Image of yeti kanchenjunga demon in picture

Kanchenjunga Climbing Routs

The approach on the Kanchenjunga expedition leads you to the eastern border of Nepal, traveling through uninhabited and desolate areas in the Arun valley before arriving at base camp. Kanchenjunga is the most distant 8,000-meter peak. One of Nepal’s most stunning routes, including the Kanchenjunga Conservation Area, is covered on the walk to base camp. The region is abundant in many types of flora, from farmed fields to dense woods. Additionally, it is the habitat of spectacular species like the red panda and the snow leopard. A portion of the sacred Himalayan landscape includes the Conservation Area. It is one of the longest horizontal climbs over 8,000 meters and complicated mixed climbing at first that make Kanchenjunga a particularly challenging peak. Probably because of this, Kanchenjunga gets very little traffic while being the third-highest peak in the world. Because the adventure will span over 10 weeks, you need to account for the shifting weather patterns. Make sure you are prepared for snowstorms before you leave, as there is a lot of snowfall during the summer monsoon season. The snowfall is less disruptive in the winter. However, the weather at Kanchenjunga may be very changeable.

Kanchenjunga Base Camp

The Arun valley, one of Nepal’s most gorgeous hiking destinations, is traversed on the journey to Kanchenjunga Base Camp. One of the primary features of this hike is the 2035 square kilometer Kanchenjunga Conservation Area. Numerous plants and animals may be found in the region, including the Himalayan black bear, musk deer, snow leopard, red panda, and many more species of wildlife. Landscapes along the path to basecamp range from subtropical trees to alpine grasslands, low river valleys to glacial moraines, and stony scree slopes. Throughout the walk, hikers may take in the breathtaking panoramic view of the tall mountain peaks, including Makalu, Kanchenjunga, Lhotse, and Everest.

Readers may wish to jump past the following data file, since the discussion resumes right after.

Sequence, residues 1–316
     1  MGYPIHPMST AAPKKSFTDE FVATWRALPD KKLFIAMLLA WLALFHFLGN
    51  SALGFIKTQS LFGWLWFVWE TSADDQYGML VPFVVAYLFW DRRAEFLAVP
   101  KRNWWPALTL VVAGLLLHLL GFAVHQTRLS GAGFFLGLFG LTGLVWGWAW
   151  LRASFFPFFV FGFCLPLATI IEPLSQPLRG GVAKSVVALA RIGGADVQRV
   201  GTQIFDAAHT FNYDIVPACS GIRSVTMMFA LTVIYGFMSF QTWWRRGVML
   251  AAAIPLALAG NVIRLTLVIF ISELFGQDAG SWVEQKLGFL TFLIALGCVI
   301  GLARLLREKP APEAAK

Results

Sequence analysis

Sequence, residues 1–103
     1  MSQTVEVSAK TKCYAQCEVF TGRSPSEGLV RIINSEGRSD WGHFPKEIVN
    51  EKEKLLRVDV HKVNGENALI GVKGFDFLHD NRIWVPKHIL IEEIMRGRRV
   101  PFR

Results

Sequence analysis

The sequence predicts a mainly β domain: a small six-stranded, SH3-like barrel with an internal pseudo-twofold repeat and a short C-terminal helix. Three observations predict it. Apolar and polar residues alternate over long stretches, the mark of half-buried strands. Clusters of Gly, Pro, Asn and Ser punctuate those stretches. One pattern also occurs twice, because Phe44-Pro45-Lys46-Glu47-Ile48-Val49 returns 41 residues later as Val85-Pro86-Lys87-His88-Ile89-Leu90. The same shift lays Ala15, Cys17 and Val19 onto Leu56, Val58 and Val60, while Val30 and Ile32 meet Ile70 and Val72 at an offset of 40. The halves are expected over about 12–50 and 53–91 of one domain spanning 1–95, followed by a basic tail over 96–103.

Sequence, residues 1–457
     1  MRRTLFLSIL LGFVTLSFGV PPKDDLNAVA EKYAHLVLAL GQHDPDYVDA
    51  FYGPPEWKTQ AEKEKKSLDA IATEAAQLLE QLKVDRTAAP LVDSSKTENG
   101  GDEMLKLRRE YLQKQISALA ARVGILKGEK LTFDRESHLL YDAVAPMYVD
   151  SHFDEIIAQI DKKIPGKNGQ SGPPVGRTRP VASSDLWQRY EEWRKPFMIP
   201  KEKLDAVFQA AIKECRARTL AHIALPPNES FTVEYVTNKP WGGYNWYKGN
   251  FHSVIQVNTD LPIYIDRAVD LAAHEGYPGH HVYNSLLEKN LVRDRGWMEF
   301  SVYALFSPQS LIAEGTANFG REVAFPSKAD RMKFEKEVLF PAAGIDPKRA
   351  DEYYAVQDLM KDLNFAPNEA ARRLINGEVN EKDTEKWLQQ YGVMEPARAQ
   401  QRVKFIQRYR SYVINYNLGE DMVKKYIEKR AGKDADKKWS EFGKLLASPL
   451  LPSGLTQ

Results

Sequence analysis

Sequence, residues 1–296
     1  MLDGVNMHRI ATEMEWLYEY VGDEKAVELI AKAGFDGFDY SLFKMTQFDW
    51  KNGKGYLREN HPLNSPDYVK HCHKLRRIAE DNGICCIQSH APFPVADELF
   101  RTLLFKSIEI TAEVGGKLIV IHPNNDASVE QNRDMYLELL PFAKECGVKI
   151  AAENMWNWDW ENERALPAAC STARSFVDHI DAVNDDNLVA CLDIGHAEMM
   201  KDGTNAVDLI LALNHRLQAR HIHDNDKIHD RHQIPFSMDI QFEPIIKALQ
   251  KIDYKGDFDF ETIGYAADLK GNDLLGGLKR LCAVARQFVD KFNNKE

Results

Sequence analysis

The hike starts at Taplejung, which is reached after a 45-minute flight from Kathmandu to Bhadrapur and a further trip by car to Birtamod and Taplejung. The general schedule for the entire expedition is shown here, and we start by visiting the north base camp.

Image of kanchenjunga base camp

How long does it take to climb Kanchenjunga?

  • Days 1 to 3: Arrive in Kathmandu, take a break, then fly to Biratnagar and drive to the trek’s starting point.
  • Trek to the Kangchenjunga base camps from days 4 to 24.
  • Days 25 and 26: Return to Kathmandu, have a day off, then leave for home.

The North and South Base Camps are visited on this tour of Mount Kanchenjunga. Before the majority of Kanchenjunga itself is visible, the journey starts by approaching the mountain’s north flank, from which you may get fantastic views of Tent Peak, Nepal Peak, and Cross Peak.